Commonwealth of Embolalia
This article refers to the Commonwealth of Embolalia between 1813 and 1875. It should not be confused with the modern United Commonwealth of Embolalia.
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Treaty of Caridd
The Commonwealth of Embolalia was the governmental body that ruled over Embolalia between the end of British colonial rule in 1813 and the Treaty of Caridd in 1875. It contrasts with the modern United Commonwealth in its stronger central powers and lack of devolved government for the constituent countries.
The Commonwealth government was a constitutional monarchy, with the monarch of the United Kingdom serving as head of state. The Parliament was bicameral; it consisted of the lower House of Commons and the upper House of Lords. Each member of the lower house represented a county, with some counties having multiple members. They were elected by a vote of the people, though this was limited to only the English-speaking landowners with membership in the Church of Embolalia. The members of the upper house acquired their seat either through ennoblement by the sovereign, or through the inheritance of a peerage.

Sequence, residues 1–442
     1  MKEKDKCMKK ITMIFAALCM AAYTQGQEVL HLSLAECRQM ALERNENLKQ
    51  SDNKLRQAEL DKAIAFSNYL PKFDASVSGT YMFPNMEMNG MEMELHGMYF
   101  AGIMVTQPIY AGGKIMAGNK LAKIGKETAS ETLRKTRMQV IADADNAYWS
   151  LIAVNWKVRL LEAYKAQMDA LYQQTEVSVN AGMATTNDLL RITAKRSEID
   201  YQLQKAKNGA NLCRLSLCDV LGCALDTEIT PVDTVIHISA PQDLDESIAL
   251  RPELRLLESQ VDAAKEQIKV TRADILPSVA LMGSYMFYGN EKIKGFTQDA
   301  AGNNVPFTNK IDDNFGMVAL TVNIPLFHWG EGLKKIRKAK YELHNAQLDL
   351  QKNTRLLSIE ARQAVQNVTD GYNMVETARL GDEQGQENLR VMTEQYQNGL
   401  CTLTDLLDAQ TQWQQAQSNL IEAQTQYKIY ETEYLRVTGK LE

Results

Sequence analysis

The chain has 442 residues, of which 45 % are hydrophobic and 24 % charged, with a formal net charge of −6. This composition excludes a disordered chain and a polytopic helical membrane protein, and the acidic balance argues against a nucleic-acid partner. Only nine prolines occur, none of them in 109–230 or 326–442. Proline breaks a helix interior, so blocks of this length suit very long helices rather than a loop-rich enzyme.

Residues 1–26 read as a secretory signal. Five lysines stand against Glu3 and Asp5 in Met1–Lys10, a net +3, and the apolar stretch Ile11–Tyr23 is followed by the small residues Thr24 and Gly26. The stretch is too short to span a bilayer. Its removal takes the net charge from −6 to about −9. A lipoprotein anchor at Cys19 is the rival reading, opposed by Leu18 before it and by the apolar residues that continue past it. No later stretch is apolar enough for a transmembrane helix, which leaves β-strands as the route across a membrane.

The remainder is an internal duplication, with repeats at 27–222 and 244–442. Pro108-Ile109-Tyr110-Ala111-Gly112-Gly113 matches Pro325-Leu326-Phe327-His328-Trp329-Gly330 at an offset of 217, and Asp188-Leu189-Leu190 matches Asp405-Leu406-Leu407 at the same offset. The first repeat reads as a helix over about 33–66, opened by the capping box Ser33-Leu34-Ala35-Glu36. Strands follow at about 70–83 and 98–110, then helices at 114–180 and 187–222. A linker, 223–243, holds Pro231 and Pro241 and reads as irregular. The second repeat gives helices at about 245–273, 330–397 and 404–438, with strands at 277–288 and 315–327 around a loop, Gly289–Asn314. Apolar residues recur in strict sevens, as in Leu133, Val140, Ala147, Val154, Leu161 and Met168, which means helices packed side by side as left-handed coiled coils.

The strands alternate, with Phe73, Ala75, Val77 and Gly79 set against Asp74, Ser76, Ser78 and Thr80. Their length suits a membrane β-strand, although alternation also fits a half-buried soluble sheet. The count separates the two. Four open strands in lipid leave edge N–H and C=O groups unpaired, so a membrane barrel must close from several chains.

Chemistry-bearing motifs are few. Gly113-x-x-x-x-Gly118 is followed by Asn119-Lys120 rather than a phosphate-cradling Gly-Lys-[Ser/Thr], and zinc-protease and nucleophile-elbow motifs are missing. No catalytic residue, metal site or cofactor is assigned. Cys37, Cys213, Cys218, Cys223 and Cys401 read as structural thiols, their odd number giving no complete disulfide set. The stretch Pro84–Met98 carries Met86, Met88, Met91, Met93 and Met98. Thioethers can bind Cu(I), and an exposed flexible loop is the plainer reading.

As is typical of Embolalia prior to the 20th century, the Commonwealth's most contentious issues revolved around the balance of Embolalian and European culture.
One of the first acts of the Embolalian Parliament after the British Embolalia Act was to replace the Culturization Act, which had prohibited the use of the Embolalian language. However, the replacement still required that English be used exclusively for business and government. While considered favorable to the prior situation, this remained a major point of contention in the Commonwealth.
The Church of Embolalia was not disestablished after the separation from the United Kingdom, and remained the official church of the Commonwealth. Voting and many of the rights of citizenship in the Commonwealth depended upon membership in the Church. The Church did not accept any traditional form of the Embolalian origin myths. This upset many of those who had firm belief in these myths. The rising dissension against the Church is cited as one reason for the unusually large presence of atheism and agnosticism in Embolalia at this time.